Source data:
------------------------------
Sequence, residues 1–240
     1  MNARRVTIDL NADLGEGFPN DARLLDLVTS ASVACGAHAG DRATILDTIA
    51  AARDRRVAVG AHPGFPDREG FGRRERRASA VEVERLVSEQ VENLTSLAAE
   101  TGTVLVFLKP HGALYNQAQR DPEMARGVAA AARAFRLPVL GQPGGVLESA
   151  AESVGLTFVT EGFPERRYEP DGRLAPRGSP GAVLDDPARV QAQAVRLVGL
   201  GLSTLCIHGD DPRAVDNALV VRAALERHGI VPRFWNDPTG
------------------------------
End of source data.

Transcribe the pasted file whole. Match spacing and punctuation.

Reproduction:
Sequence, residues 1–240
     1  MNARRVTIDL NADLGEGFPN DARLLDLVTS ASVACGAHAG DRATILDTIA
    51  AARDRRVAVG AHPGFPDREG FGRRERRASA VEVERLVSEQ VENLTSLAAE
   101  TGTVLVFLKP HGALYNQAQR DPEMARGVAA AARAFRLPVL GQPGGVLESA
   151  AESVGLTFVT EGFPERRYEP DGRLAPRGSP GAVLDDPARV QAQAVRLVGL
   201  GLSTLCIHGD DPRAVDNALV VRAALERHGI VPRFWNDPTG